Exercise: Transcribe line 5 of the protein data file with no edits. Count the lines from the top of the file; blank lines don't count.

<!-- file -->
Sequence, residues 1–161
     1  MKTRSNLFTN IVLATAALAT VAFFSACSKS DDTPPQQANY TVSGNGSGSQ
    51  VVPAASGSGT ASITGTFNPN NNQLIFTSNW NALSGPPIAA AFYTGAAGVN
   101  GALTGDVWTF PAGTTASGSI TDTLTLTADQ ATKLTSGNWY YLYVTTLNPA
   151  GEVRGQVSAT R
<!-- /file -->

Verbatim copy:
   151  GEVRGQVSAT R